Um, Steve, we totally realize that people don't always have money. I'm pretty sure that I myself said that there's a shitload of shows I don't buy, even though I like them, because I can't afford them.

In fact, the key complaint behind the box set vs. single discs for us is that *it costs more overall to buy single discs*, especially if you're also shelling out $10 or whatever for the cardboard art box to put them in.

True, most people probably don't have $100+ dollars for box sets, but I think you're missing the other part of our complaint, which is that many anime releases are too expensive, period and we *hate* those sorts of prices. But really, generally speaking the thinpack versions of shows are not *that* bad pricewise, given all the BS due to it being a niche market and licensing and so on. If they would just release the shows in "season" thinpacks from the beginning (which would make it about equivalent to how you buy most US TV shows) at those sorts of prices, it would be a hell of a lot cheaper than the current alternatives, and in most cases I think cheaper than you're stating here.

Of course, what Gooberzilla says is also correct, in that there are going to be some people who won't buy it, not just because of money issues or what have you, but precisely because they can watch it for free on their computer. I don't personally agree with the "digisubs are teh evil" conclusion that some people draw from that, and I don't really know what kind of percentage of digisub viewers are the type to refuse buying official releases. But it does happen, and when we can tell that "but I can already get it for free" is the ONLY reason someone isn't buying it (as opposed to legitimate concerns of money or terrible release) we get a bit cranky.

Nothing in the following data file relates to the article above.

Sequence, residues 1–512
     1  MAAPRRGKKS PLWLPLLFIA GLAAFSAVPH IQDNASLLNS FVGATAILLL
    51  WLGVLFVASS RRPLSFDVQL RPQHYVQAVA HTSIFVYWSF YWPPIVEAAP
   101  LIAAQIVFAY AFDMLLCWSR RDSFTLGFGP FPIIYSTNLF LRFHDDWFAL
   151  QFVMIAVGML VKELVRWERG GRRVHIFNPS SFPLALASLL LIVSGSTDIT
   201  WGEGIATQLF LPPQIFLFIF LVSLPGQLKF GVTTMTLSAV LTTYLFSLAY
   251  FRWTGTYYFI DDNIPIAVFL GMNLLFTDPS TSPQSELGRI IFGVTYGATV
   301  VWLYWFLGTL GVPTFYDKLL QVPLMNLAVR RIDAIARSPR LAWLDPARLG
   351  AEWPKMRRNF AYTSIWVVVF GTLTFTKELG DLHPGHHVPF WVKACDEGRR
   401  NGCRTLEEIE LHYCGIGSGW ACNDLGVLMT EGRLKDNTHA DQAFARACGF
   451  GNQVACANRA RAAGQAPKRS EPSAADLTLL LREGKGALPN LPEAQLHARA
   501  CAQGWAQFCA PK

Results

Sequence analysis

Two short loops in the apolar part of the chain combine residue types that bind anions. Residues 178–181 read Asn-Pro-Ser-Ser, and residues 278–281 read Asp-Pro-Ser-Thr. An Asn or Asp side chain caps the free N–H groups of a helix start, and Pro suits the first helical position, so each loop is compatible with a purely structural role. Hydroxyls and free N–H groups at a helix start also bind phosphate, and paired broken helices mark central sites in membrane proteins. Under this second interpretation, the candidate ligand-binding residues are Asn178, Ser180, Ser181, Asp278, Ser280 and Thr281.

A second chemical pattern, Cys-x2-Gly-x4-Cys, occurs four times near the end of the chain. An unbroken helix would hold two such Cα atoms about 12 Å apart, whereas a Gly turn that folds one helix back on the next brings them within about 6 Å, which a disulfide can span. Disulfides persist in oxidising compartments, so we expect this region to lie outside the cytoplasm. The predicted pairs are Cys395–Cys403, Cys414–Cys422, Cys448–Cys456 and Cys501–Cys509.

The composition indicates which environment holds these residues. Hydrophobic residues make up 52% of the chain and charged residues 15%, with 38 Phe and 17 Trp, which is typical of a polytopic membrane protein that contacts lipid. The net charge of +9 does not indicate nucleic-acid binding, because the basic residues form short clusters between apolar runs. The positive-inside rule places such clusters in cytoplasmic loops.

Milla said...

Clarissa said...

It makes me die a little inside every time I see something like Moon Phase or Onegai Teacher pushed to girls because "it's cute" or "it's about romance."

It makes me die a little inside to think that these shows are made for adult men. Maybe no one, except maybe for some cynical elitist bastards, should watch these shows.

Steve Harrison said...

The problem of anime pricing is a seperate issue from (but related to) the buying habits.

And please, someone tie Daryl up before he starts his 'buy it cheap online, fool' nonsense, mmkay?

Reality is $29.99 is the MSRP of most anime, and that fact controls everything from the buyers and wholesellers to advertising and display. When a retailer has to choose to spend his 'open to buy' on niche product, he's much more likely to buy a few dozen $14.99 MSRP kung-fu movies than the same amount of anime. Granted, Kung-fu flicks are a *larger* niche thanks to marketing to the 'urban' market, but it's still vastly smaller than the 'mainstream'.